Functional Molecular Organic Crystals – Design or Discovery?


Event details

Date 13.10.2016 16:0017:00  
Speaker Prof. Cooper Andrew
University of Liverpool, UK
Category Conferences - Seminars
Porous molecular crystals are an alternative to porous extended frameworks such as zeolites, metal-organic frameworks (MOFs), and polymer networks.1 Interest in such systems dates back to the first "organic zeolites",2 but only recently have these materials started to show properties of potential practical interest.3 Unlike extended frameworks, molecular crystals can be processed in solution into a variety of formats.4 They can also show unique physical properties, such as reversible on/off porosity switching,5 excellent gas selectivity, 6 and perfect shape selectivity for organic isomers.7
However, molecular crystals also pose problems in terms of the purposeful design of solid-state function.8 In large part, this is because the energy landscape for molecular crystals is frequently not dominated by a single intermolecular interaction, unlike bonded crystalline frameworks such as MOFs and covalent organic frameworks. Hence, molecular crystal engineering has so far failed to become the "new organic synthesis" that has been envisaged,9 even though that vision is still highly attractive when one considers the importance of crystalline organic solids, which extends well beyond the area of porous materials.
This lecture will discuss strategies for the design and synthesis of new functional organic crystals by using underpinning computational approaches.10-12 We will exemplify this with recent examples of function in real porous molecular solids, such as molecular selectivity, that was targeted using computation. We will also discuss the potential for high-throughput synthesis and characterization methods to work in tandem with computation, and to generate workflows that might lead us more effectively to new materials with specific properties. Our central aim will be to cast light on the question: can in silico "design" compete with iterative synthesis and measurement for crystalline organic materials?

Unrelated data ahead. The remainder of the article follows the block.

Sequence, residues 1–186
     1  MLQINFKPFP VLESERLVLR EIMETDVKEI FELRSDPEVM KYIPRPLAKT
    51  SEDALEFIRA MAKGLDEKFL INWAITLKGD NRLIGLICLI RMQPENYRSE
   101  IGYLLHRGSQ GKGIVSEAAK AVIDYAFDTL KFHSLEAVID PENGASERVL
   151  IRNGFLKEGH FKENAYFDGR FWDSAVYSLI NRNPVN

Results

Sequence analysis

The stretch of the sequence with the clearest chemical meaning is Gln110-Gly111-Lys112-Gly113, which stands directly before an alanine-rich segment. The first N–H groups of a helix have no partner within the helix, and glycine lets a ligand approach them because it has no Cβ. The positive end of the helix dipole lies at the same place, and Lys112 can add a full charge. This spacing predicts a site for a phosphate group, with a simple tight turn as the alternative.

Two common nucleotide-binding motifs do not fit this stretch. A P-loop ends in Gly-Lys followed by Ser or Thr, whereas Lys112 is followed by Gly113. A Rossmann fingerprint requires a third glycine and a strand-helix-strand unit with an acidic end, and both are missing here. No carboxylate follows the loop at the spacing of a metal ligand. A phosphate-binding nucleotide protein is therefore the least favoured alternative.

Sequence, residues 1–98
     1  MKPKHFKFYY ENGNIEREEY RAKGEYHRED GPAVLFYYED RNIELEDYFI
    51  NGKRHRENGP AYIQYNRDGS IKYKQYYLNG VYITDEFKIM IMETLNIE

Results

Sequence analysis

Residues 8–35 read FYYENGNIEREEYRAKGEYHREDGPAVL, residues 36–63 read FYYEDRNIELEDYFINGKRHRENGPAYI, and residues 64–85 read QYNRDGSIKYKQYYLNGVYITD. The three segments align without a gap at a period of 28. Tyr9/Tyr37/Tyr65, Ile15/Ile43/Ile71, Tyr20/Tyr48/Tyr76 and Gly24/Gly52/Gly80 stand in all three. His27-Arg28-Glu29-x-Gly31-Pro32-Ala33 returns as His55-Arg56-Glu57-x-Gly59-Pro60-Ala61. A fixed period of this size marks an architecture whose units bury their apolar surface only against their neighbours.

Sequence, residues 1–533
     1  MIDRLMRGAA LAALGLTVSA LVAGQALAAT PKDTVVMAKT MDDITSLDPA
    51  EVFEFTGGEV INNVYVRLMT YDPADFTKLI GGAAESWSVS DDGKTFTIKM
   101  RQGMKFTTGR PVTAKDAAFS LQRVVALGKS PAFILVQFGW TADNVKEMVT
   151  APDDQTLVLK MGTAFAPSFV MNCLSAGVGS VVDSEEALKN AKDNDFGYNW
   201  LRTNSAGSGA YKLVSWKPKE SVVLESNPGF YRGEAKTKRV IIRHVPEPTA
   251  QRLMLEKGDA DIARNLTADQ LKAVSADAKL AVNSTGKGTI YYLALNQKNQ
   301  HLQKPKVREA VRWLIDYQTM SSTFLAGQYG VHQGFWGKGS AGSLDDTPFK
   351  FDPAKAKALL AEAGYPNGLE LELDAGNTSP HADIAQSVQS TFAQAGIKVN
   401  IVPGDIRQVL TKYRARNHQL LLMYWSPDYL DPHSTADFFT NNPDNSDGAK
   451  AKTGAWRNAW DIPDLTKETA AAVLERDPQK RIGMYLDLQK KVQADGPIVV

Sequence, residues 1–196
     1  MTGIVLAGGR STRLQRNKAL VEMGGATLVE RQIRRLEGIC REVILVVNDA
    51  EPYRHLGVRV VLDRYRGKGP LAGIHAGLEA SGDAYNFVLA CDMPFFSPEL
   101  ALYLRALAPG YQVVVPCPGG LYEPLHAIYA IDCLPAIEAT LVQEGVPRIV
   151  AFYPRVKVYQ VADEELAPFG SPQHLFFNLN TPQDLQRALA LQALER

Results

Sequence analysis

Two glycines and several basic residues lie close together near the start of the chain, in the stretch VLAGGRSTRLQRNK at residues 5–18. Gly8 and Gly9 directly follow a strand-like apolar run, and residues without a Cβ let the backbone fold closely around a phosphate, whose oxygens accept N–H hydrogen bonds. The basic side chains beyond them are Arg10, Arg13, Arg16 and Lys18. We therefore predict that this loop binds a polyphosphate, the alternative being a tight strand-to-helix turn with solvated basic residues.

We will also discuss some new classes of materials, such as "porous liquids",13 that have properties that cannot be obtained using extended frameworks such as zeolites or MOFs.
1. (a) A. G. Slater and A. I. Cooper, Sicence, 2015, 348, 988; (b) T. Hasell and A. I. Copper, Nat. Rev. Mater., 2016, 1, 16053; (c) J. R. Holst, A. Trewin and A. I. Cooper, Nature Chem., 2010, 2, 915.
2. R. M. Barrer and V. H. Shanson, J. Chem. Soc., Chem. Commun, 1976, 333.
3. M. Mastalerz and I. M. Oppel, Angew. Chem., Int. Ed. 2012, 51, 5252.
4. (a) A. F. Bushell, et al., Angew. Chem, Int. Ed. 2013, 52, 1253; (b) T. Hasell, et al., J. Am. Chem. Soc. 2012, 134, 588; (c) Q. Song, et al., Adv. mater., 2016, 28, 2629
5. J. T. A. Jones, et al., Angew. Chem., Int. Ed. 2011, 50, 749.
6. L. Chen, et al., Nature Mater., 2014, 13, 954.
7. T. Mitra et al., Nature Chem., 2013, 5, 247.
8. M. Jansen and J. C. Schön, Angew. Chem., Int. Ed. 2006, 45, 3406.
9. G. R. Desiraju, Angew. Chem., Int. Ed. 1995, 34, 2311.
10. J. T. A. Jones et al., Nature 2011, 474, 367.
11. M. A. Little et al., Nature Chem., 2015, 7, 153.
12. K. E. Jelfs and A. I. Cooper, Curr. Opin. Solide State Mater. Sci., 2013, 17, 19.
13. N. Giri et al., Nature, 2015, 527, 216. 

Practical information

  • General public
  • Free


  • Prof. Berend Smit


  • Evelyn Ludi